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Archiver > QUAKER-ROOTS > 2002-09 > 1032284870


From: "Leslie Hope" <>
Subject: RE: [Q-R] GRUBB, RICH
Date: Tue, 17 Sep 2002 10:47:50 -0700
In-Reply-To: <fe.1df9582f.2ab8bbe9@aol.com>


I too am a descendant of John Grubb m. Frances Vane thru Charity Grubb m.
Richard Beeson thru Benjamin Beeson m. Elizabeth Hunter. I have a booklet
provided by David N. Grubb, Ancestors of John Grubb (1652-1708). He gives
this lineage for John Grubb>Henry Grubb b. 1617 m. Wilmot (he also had a
previous wife Margaret Facie with whom he may have had one of his eight
known children)>Henry Grubb the younger (1581-1645) m.unknown second
wife>Thomas Grubb (c. 1540-1616). He says that confusion has arisen because
Thomas, John's ggrandfather, named two of his sons Henry. David Grubb'
booklet includes wills, baptismal and court records and other documentation.
For instance, he says that John Grubb's father, Henry Grubb signed the
Protestation against Popery in 1641 and was listed as a tenant farmer in
Stoke Climsland (Cornwall) during the 1580 survey. He was a butcher. In the
mid- 1650s, he became one of the earliest Quakers in Cornwall. He had at
least three run-ins with the law after the restoration of the Rev. William
Pike to the Stoke Climsland parish. On Nov. 11, 1662, he was arrested and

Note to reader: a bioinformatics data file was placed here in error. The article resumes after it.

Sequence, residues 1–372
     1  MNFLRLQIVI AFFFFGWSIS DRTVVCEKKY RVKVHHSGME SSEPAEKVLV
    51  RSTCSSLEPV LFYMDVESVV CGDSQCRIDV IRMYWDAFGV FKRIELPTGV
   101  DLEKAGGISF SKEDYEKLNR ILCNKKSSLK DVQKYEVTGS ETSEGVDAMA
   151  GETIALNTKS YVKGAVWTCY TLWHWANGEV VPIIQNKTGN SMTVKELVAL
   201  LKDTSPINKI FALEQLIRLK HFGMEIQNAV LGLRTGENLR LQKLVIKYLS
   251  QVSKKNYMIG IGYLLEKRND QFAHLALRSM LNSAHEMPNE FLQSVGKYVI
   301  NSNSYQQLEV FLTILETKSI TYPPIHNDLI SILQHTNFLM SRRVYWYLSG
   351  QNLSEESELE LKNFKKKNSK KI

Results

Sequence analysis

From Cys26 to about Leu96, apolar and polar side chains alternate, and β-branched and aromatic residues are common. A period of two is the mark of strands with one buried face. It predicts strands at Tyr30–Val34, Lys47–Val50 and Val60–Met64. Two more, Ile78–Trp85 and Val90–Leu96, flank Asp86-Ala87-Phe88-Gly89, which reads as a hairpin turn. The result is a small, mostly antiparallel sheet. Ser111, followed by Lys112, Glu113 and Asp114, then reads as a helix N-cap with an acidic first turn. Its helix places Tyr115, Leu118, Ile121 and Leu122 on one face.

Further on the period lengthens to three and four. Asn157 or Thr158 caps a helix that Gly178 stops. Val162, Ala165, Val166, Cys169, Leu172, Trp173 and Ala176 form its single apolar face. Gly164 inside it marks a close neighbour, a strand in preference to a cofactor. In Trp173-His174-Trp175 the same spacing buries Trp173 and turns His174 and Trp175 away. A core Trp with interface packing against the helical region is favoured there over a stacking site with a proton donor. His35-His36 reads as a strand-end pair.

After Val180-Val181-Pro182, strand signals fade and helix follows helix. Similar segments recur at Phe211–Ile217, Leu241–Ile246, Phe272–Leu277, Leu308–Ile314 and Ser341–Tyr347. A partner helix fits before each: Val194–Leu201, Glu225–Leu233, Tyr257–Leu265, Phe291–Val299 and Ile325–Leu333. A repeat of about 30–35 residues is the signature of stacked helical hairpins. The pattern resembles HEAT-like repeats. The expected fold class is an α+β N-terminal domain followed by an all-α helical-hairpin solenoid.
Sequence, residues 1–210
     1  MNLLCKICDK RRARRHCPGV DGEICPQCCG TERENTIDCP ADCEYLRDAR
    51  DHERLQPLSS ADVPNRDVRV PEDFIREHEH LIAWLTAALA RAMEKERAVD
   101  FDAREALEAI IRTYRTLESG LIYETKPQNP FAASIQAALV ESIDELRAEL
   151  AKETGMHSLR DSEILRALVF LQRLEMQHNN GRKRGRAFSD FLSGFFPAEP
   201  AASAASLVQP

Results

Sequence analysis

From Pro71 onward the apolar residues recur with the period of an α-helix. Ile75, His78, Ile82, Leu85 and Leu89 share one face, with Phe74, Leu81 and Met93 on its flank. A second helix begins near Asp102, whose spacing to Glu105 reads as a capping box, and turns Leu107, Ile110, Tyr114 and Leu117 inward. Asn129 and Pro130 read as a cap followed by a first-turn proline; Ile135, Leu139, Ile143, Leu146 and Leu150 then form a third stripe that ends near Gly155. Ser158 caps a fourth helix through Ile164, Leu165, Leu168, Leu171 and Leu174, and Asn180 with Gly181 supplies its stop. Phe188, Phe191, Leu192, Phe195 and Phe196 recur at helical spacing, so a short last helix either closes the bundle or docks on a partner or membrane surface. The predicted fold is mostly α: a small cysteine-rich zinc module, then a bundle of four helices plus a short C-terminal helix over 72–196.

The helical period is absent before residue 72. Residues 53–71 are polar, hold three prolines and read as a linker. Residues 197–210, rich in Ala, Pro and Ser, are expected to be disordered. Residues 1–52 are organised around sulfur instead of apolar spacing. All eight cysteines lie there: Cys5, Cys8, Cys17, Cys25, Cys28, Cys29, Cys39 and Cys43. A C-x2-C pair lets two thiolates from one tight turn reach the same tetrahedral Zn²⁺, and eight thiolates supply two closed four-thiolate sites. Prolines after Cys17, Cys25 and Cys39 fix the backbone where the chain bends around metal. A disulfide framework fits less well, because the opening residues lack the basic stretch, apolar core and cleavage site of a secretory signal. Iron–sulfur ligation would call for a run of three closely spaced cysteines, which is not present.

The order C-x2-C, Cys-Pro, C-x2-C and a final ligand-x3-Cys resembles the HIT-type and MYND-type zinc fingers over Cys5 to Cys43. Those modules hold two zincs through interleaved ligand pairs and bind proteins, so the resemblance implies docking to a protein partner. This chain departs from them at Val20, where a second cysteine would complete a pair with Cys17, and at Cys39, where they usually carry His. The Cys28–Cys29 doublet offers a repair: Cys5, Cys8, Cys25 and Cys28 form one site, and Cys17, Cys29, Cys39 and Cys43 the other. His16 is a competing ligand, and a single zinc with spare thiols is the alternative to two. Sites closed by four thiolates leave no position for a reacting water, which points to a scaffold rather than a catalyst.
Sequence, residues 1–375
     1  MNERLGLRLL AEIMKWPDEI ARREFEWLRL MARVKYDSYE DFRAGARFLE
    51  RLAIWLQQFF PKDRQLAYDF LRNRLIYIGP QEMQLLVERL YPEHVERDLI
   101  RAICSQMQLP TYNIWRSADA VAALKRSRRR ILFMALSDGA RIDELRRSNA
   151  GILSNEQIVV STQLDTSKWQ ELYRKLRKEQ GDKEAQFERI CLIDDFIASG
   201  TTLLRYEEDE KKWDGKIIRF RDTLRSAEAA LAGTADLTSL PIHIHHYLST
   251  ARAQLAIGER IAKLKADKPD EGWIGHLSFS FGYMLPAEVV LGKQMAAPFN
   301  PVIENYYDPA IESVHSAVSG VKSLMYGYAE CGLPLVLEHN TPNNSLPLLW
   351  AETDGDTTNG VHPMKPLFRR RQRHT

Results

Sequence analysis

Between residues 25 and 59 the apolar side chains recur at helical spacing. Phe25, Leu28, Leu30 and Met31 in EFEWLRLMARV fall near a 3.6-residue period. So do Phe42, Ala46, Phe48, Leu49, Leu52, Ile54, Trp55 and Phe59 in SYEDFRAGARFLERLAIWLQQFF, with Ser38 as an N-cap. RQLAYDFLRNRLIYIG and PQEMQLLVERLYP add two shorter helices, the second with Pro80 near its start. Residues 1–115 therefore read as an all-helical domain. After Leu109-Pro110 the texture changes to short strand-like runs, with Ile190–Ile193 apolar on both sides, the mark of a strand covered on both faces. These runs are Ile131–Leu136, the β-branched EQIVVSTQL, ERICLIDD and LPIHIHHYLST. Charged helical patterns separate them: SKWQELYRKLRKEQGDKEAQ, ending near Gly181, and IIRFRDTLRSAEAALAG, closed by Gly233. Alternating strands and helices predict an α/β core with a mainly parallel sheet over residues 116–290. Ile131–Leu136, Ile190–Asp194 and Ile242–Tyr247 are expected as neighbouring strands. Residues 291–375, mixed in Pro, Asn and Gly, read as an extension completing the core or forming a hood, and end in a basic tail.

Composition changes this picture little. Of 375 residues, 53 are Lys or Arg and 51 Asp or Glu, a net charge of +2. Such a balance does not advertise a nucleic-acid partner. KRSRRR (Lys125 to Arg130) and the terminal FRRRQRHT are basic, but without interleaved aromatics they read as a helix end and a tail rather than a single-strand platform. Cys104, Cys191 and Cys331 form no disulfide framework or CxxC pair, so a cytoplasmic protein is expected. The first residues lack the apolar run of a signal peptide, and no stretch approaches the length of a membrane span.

imprisioned briefly for non-payment of the tithe. The next year during Lent,
one of Henry's sone was arrested in Saltash, just west of Plymouth for
selling meat. In January 1663/4, Henry was arrested again and imprisioned in
Trematon Cassssssstle for several years for non-payment of his tithe. As a
result he lost the lease on his land and probably died within several years
of his release. His will did not survive. Wilmot remained in Stoke Climsland
with her oldest survivng son Anthony and his family. She was buried in a
field and her death was entered into the parish register on September 30,
1698. Children of Henry and Wilmot Grubb are listed as
Peter Grubb ( a butcher, d. unmarried in his early 20s)
Anthony Grubb ( a Quaker)
Richard Grubb (d. young)
Henry Grubb III (came to America on same ship as John)
John Grubb (tanner, founded the Delaware Grubb family)
Robert Grubb
Johan (Joane) Grubb (signed Henry's death certificate in London)
David Grubb

If anyone is interested in obtaining this booklet, please contact me
privately and I'll see if I can put you in contact with the researcher,
David N. Grubb of Ridgewood, NJ.
Leslie Hoag Hope

-----Original Message-----
From: [mailto:]
Sent: Tuesday, September 17, 2002 10:10 AM
To:
Subject: [Q-R] GRUBB, RICH


This is in response to a mailing to Quaker-Roots dated 09/14/2002 from Jim
Peacock. He requests advice as to whether his data is accurate concerning:
Elizabeth Grubb was born 12 Aug 1691 in Burlington, N.J. and died before
1730.
She married Joseph Rich 1715 in Nottingham, Chester, PA, son of William
Rich and Elizabeth. --- Her parents were Henry Grubb b. April 20, 1653
in Stoke Climsland, Cornwall, England, and his wife, Mary Perkins.----
Henry's parents were Henry Grubb, b. 1617 in Stoke Climsland, Cornwall,
England. He married Willmott.